A life less ordinary: analysis of the uniquely preserved tattooed dermal remains of an individual from 19th century France

Authors: Smith, M.J., Starkie, A., Slater, R. and Manley, H.

Journal: Archaeological and Anthropological Sciences

Volume: 13

Issue: 3

eISSN: 1866-9565

ISSN: 1866-9557

DOI: 10.1007/s12520-021-01290-8

Abstract:

‘Anthropologies of the Body’ often view the human form as a sort of text, onto which meanings and experiences are inscribed during people’s lives, rendering the body effectively as an artefact of material culture. Such ‘inscription’ is generally metaphorical; however, in the case of tattooing, aspects of the way people wish to be perceived are quite literally inscribed upon the body. The current article presents analysis of an unusual ‘artefact’ in the form of the major anterior portion of the preserved, tattooed skin of an adult male. The skin’s provenance was previously unknown, as was the reason why he had been subject to such treatment after death. The current project has progressed towards resolving these issues using multiple approaches, including CT scanning, multispectral light sources, infrared reflectography and spectroscopic dating. The latter technique produced a date range of 1861 ±15 years for the wood on which the skin was mounted. Multispectral and infrared light examination made it possible to discern many of the tattooed motifs much more clearly. The images and text that were made visible suggested this man had been French and had probably spent time overseas, possibly in naval service. Towards the end of his life, he may have been imprisoned and the date ‘1883’ was decipherable. The current analysis allowed the investigators to glean far more information than was initially expected, providing a considerably richer personal narrative of this individual through the content of his tattoos than is usually possible in biological anthropology.

http://eprints.bournemouth.ac.uk/35280/

Source: Scopus

A life less ordinary: analysis of the uniquely preserved tattooed dermal remains of an individual from 19th century France

Authors: Smith, M.J., Starkie, A., Slater, R. and Manley, H.

Journal: ARCHAEOLOGICAL AND ANTHROPOLOGICAL SCIENCES

Volume: 13

Issue: 3

eISSN: 1866-9565

ISSN: 1866-9557

DOI: 10.1007/s12520-021-01290-8

http://eprints.bournemouth.ac.uk/35280/

Source: Web of Science (Lite)

A life less ordinary: analysis of the uniquely preserved tattooed dermal remains of an individual from 19th century France

Authors: Smith, M., Starkie, A., Slater, R. and Manley, H.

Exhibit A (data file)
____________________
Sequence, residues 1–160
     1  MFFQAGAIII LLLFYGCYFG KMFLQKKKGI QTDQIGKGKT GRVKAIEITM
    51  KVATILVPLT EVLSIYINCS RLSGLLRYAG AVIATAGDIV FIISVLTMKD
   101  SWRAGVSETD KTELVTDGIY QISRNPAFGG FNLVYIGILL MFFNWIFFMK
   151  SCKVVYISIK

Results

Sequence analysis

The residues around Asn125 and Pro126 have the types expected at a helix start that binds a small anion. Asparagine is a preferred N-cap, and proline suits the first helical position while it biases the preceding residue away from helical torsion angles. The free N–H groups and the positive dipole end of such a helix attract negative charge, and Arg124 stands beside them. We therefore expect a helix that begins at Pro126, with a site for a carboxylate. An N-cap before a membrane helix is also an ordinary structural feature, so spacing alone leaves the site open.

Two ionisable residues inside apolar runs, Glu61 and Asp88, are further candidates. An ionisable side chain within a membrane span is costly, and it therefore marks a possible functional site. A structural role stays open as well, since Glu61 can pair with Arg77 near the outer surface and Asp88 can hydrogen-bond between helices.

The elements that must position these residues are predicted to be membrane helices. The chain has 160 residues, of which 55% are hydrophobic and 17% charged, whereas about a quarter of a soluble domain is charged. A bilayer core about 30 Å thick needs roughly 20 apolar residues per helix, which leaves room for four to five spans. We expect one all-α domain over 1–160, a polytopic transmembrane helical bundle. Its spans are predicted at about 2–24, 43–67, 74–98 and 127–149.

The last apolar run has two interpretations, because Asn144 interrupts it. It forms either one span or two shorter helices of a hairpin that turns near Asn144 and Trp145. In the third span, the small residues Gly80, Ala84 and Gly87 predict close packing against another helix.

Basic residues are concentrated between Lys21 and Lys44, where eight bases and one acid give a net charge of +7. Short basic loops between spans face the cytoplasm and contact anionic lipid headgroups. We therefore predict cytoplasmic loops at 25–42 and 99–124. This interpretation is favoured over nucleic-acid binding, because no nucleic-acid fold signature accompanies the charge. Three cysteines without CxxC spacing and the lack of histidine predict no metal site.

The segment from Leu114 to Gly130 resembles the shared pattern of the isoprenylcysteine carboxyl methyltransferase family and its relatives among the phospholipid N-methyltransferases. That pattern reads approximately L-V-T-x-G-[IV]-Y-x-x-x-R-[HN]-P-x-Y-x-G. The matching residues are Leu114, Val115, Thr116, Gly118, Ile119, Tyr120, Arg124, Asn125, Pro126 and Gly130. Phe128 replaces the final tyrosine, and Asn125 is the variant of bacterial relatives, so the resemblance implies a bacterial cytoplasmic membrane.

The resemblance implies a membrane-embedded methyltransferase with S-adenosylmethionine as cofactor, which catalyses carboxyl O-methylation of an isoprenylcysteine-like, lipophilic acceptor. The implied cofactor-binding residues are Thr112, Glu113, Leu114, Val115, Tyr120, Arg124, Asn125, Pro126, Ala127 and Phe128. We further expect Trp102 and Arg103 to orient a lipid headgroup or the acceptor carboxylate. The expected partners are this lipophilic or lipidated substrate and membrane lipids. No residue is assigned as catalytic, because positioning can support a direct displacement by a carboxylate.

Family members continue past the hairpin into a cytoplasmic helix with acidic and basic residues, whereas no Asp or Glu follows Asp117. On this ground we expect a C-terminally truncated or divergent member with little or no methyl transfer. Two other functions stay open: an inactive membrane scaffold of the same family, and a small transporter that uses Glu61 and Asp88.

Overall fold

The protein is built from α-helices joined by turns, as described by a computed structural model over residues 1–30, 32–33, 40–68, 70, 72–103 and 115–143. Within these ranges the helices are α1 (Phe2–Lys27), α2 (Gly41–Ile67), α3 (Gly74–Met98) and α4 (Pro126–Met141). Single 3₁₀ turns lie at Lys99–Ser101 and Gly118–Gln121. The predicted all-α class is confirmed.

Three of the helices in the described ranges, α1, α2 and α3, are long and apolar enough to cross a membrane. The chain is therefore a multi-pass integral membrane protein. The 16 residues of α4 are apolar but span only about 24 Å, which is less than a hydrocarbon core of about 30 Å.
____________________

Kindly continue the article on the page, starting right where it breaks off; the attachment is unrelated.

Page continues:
Journal: Archaeological and Anthropological Sciences

Volume: 13

DOI: 10.1007/s12520-021-01290-8

Abstract:

‘Anthropologies of the Body’ often view the human form as a sort of text, onto which meanings and experiences are inscribed during people’s lives, rendering the body effectively as an artefact of material culture. Such ‘inscription’ is generally metaphorical; however, in the case of tattooing, aspects of the way people wish to be perceived are quite literally inscribed upon the body.

The current article presents analysis of an unusual ‘artefact’ in the form of the major anterior portion of the preserved, tattooed skin of an adult male. The skin’s provenance was previously unknown, as was the reason why he had been subject to such treatment after death. The current project has progressed towards resolving these issues using multiple approaches, including CT scanning, multispectral light sources, infrared reflectography and spectroscopic dating. The latter technique produced a date range of 1861 ±15 years for the wood on which the skin was mounted. Multispectral and infrared light examination made it possible to discern many of the tattooed motifs much more clearly. The images and text that were made visible suggested this man had been French and had probably spent time overseas, possibly in naval service. Towards the end of his life, he may have been imprisoned and the date ‘1883’ was decipherable. The current analysis allowed the investigators to glean far more information than was initially expected, providing a considerably richer personal narrative of this individual through the content of his tattoos than is usually possible in biological anthropology.

http://eprints.bournemouth.ac.uk/35280/

Source: Manual